Conflict & Justice

US calls Yemen deal "best way forward"


Anti-government protesters shout slogans during a demonstration demanding the resignation of Yemeni President Ali Abdullah Saleh in Sanaa on May 14, 2011.


Mohammed Huwais

John Brennan, an adviser to U.S. President Barack Obama, called Yemeni President Ali Abdullah Saleh this morning to urge him to sign and implement an agreement that would allow the president to step down in exchange for his, and his family's, immunity. During the call, Brennan called the agreement the "best way forward" for Yemen.

The people who live in Yemen, however, appear to disagree.

“They don’t understand. We won’t accept political immunity for Saleh’s crimes against the Yemeni people. We will simply hold more marches and call for more civil disobedience,” Mohammed Bakil, a protester, told GlobalPost's Jeb Boone in Sanaa earlier this month.

Penned by the Gulf Cooperation Council — a political and economic grouping that includes Bahrain, Kuwait, Oman, Qatar, Saudi Arabia and the United Arab Emirates — the agreement has been hammered out by foreign governments, Saleh and the country's political opposition. But it did not include any representatives from the tens of thousands of protesters who have been camping out in Sanaa's streets since the middle of February.

Brennan told Saleh during the call that the agreement would pave the way for Yemen to become a more "secure, unified, and prosperous nation" and for the Yemeni people to "realize their aspirations" for peace and political reform.

The "aspirations" of the people are clear. They want Saleh to step down and then be brought to justice. Yemeni protest leaders have long said that the president should face trial for authorizing violent attacks on peaceful protesters, attacks that have so far killed more than 100 people. They said he should also face trial for the decades of corruption that are partly responsible for turning Yemen into the poorest country in the region.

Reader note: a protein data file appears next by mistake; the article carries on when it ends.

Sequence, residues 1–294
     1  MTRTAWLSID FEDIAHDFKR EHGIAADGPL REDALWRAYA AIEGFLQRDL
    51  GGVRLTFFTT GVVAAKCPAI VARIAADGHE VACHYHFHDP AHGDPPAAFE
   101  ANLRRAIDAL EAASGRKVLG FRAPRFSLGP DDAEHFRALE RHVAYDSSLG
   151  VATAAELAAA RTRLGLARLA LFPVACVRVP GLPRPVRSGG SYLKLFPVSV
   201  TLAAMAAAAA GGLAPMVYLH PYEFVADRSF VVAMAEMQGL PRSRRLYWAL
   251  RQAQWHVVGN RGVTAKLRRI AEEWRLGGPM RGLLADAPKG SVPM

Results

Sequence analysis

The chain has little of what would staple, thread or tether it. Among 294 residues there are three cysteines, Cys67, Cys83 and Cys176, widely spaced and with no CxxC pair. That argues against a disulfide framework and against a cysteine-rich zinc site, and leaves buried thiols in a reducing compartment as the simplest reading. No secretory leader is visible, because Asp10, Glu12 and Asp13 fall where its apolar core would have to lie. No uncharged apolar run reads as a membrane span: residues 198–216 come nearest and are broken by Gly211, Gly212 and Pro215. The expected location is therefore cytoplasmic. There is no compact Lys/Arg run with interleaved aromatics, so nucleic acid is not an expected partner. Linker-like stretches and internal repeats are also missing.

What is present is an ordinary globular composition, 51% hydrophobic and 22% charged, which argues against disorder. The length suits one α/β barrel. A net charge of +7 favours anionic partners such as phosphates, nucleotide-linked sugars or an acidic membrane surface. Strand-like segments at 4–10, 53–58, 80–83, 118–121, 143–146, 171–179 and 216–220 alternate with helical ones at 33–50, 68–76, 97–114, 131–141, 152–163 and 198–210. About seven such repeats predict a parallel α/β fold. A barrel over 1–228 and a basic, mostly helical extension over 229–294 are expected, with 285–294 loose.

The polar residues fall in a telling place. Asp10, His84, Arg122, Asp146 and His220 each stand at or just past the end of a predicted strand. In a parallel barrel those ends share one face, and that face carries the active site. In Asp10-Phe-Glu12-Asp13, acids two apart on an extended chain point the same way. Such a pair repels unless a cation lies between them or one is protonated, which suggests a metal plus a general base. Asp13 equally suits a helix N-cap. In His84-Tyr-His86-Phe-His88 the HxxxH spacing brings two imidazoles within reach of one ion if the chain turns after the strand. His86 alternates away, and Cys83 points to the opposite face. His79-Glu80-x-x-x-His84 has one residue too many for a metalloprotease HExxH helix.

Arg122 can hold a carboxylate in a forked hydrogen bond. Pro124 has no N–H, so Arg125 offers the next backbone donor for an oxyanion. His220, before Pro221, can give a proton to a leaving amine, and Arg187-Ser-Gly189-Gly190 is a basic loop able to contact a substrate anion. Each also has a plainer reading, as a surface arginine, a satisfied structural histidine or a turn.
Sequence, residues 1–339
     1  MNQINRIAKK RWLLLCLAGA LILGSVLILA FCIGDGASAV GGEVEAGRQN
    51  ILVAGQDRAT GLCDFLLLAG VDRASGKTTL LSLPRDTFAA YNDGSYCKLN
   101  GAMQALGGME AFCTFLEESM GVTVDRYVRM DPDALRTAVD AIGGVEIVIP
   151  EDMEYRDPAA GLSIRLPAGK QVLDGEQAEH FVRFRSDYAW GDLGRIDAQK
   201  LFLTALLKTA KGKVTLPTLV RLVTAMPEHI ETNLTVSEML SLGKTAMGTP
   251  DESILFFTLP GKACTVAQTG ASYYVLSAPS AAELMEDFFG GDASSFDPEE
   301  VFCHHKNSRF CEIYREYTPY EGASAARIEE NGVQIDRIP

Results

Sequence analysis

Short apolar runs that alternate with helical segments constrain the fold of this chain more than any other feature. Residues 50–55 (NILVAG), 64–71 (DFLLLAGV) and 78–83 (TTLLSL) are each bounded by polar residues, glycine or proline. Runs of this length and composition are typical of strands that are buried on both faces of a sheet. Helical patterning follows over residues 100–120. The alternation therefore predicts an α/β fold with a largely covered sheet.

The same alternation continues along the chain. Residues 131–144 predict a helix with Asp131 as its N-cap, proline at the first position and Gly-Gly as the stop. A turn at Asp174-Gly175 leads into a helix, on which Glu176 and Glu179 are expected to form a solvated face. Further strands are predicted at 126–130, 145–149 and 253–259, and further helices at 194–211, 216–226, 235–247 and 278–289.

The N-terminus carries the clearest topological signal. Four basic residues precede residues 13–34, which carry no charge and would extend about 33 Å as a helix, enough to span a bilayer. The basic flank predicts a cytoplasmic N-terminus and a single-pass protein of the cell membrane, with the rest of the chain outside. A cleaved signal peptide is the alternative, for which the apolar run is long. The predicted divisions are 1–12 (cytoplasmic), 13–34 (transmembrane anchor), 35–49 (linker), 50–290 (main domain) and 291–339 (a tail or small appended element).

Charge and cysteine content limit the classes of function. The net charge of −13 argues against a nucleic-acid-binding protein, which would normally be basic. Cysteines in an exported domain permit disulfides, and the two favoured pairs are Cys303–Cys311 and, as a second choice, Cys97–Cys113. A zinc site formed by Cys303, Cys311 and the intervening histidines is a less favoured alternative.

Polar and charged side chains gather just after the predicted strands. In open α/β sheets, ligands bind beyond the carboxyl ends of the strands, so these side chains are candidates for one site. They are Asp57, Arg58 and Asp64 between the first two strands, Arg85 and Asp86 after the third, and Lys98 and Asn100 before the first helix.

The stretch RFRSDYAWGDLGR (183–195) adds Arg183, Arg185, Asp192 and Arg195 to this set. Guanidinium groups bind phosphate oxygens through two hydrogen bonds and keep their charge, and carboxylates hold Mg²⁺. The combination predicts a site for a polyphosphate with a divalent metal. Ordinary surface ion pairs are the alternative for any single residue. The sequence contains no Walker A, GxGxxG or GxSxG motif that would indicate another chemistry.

Protesters have also said that the political opposition, known as the JMP and which is negotiating the agreement, does not represent the people and is, in fact, illegitimate. Parliamentary elections were supposed to be held last year but were delayed.

“I don’t know what gives the JMP the right to negotiate for the transfer of power. The current parliament is illegal. We have not held parliamentary elections and the parliament has no electoral mandate,” said Adel Al-Sarabi, a prominent youth organizer in the capital.

The United States, concerned primarily with the state of Al Qaeda in the Arabian Peninsula, which operates from Yemen, has sought to coax an end to the conflict.

During his conversation with President Saleh, Brennan called the agreement set forth by the Gulf Cooperation Council "historic," adding that all parties must refrain from violence and proceed with the transition in a peaceful and orderly manner.

Meanwhile, protesters have ratcheted up their demonstrators and are planning to widen the protest camp outside Sanaa University and to march on the presidential palace in the coming days.